“Is that because you're anticipating slower Azure growth, or is it because you're finding replacement technology?” Keirstead asked. “Are you finding efficiency improvements?”

Zander replied that Azure’s growth speaks for itself, and Microsoft has guided that it plans $5 billion in capital expenditures this coming quarter.

“A lot of the CapEx is going towards that additional (data center) expansion, so we can get off into more markets and continue doing things like that,” Zander said. “Obviously, the components that we buy and the servers and the fleet that we continue to expand is a core part of that. We are pushing relentlessly for efficiencies, because this is a high-scale game, which means you have to be doing a really excellent job on every dollar that I spend. We've tuned our supply chain. Our lead times are starting to shrink, so we can get more into kind of a ‘just-in-time of when I need it, when can I deliver it,’ making sure that we're meeting all the demands that we have while not having to carry a lot of excess capacity.”

“In addition to that, we've made a lot of software improvements...so we can do better jobs on density,” Zander said. “I can host more workloads on the existing kit that I've already bought.”

Keirstead, noting that Silicon Valley engineers have anecdotally told him that Azure has been able to “squeeze like 3X more out of a server rack today versus 18 months ago,” asked Zander how Azure is driving those efficiency gains.

“It is a combination of silicon design work that we do,” Zander said. “We work very closely with our components partners. It's about storage, the work we've done with the chip manufacturers. We also do a lot of specialization that is designed for the cloud in partnership with them, and that actually helps us do a good job getting even more efficiency. A lot of the additional work that we do is things like…how much RAM (random access memory) should I have, how much flash drive should I have? We've been able to, over time, look at the workloads that people are running, how to get the right mix between them. This is a little the secret sauce, but I can start actually tuning the fleet.”

Security And Hotlines To AWS And Google Cloud

Microsoft’s biggest hacking period every year is the evening of Dec. 24, when gamers are unwrapping their new Xboxes, according to Zander, and hackers want to claim they’ve actually taken down a network and prevented kids from playing their games.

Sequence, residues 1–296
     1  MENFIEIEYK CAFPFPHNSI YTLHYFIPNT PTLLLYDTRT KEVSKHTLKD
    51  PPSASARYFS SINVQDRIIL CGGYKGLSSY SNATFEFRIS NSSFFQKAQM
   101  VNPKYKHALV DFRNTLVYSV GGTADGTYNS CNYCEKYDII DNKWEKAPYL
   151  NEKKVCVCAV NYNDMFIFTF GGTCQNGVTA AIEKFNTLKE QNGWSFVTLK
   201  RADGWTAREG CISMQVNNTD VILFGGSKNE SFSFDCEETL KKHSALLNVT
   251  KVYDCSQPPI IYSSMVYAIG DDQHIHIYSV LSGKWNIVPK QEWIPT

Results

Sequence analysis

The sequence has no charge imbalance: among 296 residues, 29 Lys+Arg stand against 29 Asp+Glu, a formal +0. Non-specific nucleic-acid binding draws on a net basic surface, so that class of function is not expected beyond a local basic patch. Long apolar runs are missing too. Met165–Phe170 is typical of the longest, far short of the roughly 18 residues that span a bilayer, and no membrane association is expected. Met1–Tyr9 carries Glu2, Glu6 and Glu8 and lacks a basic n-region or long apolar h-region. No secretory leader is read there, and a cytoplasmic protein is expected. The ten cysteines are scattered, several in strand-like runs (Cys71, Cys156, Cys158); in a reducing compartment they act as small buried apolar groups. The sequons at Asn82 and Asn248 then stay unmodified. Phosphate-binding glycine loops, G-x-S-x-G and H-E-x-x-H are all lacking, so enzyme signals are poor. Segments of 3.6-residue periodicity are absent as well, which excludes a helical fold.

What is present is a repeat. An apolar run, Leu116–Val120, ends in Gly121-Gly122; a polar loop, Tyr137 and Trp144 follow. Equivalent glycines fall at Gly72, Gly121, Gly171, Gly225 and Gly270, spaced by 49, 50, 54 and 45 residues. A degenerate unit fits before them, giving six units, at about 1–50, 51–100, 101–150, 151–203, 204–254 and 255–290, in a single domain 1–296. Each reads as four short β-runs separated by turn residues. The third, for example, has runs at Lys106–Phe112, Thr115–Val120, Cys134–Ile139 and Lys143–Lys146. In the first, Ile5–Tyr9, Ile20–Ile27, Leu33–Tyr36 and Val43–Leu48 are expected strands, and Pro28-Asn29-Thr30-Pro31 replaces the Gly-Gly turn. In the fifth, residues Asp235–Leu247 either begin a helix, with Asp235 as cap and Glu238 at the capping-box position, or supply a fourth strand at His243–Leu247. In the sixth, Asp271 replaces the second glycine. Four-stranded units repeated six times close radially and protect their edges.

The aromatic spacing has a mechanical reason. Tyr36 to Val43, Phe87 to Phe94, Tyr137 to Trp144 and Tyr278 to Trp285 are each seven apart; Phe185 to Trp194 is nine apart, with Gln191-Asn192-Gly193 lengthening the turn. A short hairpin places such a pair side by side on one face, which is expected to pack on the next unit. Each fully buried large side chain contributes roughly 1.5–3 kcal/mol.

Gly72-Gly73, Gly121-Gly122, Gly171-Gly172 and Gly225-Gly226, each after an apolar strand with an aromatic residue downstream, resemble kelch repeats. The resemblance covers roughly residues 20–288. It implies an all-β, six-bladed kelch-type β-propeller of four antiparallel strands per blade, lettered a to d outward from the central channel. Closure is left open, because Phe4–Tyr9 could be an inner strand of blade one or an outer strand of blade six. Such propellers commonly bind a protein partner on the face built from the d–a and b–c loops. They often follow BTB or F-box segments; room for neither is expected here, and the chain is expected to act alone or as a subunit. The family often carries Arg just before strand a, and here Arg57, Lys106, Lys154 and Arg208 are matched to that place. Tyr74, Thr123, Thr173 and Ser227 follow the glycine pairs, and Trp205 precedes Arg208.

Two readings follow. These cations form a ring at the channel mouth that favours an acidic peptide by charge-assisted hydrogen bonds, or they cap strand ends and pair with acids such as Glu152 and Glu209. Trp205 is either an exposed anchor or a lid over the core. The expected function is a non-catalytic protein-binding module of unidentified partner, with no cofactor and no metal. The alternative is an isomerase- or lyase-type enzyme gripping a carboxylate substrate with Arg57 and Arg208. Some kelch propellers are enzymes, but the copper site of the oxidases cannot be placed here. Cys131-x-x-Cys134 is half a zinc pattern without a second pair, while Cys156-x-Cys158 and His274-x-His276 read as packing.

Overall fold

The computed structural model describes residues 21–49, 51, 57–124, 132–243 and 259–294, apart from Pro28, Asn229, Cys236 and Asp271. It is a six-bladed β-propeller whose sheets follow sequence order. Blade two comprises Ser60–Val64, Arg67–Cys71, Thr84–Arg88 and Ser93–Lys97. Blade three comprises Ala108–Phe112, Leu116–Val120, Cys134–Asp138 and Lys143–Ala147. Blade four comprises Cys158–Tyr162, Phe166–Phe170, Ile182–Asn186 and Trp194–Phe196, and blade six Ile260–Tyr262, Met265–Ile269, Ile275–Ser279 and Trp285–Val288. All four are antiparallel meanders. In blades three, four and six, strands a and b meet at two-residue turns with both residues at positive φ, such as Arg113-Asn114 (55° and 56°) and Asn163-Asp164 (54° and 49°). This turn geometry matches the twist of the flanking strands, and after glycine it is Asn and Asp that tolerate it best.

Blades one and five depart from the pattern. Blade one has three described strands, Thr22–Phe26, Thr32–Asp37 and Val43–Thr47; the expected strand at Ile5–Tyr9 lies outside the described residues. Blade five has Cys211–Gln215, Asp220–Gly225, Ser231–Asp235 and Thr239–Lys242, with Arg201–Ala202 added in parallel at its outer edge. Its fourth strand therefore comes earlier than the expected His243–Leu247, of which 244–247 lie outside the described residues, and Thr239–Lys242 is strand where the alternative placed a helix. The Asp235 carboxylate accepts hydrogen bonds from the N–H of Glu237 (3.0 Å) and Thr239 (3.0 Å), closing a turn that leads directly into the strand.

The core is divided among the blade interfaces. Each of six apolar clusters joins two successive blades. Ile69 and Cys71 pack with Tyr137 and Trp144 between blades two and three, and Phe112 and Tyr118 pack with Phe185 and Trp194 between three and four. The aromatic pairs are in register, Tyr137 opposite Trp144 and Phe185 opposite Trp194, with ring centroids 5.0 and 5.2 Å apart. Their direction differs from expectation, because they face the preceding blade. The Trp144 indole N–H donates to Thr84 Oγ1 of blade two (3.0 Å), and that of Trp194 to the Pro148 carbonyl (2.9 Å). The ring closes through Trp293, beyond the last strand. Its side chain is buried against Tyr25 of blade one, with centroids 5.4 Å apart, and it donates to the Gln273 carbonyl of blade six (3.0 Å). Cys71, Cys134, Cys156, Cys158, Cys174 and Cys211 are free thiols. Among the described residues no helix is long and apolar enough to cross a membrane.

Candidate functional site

“We spend a billion dollars on opex every single year just on security,” Zander said. “There's over 3,500 people that work on that. There's always a lot of scrutiny, and there should be on security. It's especially true as more and more of the tier-one workloads start to shift into the cloud.”

“From a shared security perspective, I actually think as cloud vendors, we're all vested in making sure everyone is safe and secure on the cloud,” Zander said. “If you get to the point where people worry that the cloud in general is not a good place to go, then whether it's one vendor or another, that could be problematic for the overall business. Even when we've had major attacks that have occurred, that impact all of us, we actually have a hotline to Google, we have a hotline to Amazon. Our security folks will talk to each other to figure it out, because we think that's kind of the greater good. That should really trump some of the competition around things like that.”

All of the security work that Microsoft has done for Office 365 for 15 years is built into Azure, which has built on top of that, according to Zander.

“This also has to be a partnership with the customer who's running the workload, because I can secure the environments and I can help them with tools and make it much, much easier, but at the end of the day, they also have to apply those security best practices to their workload to make sure that they remain secure,” he said.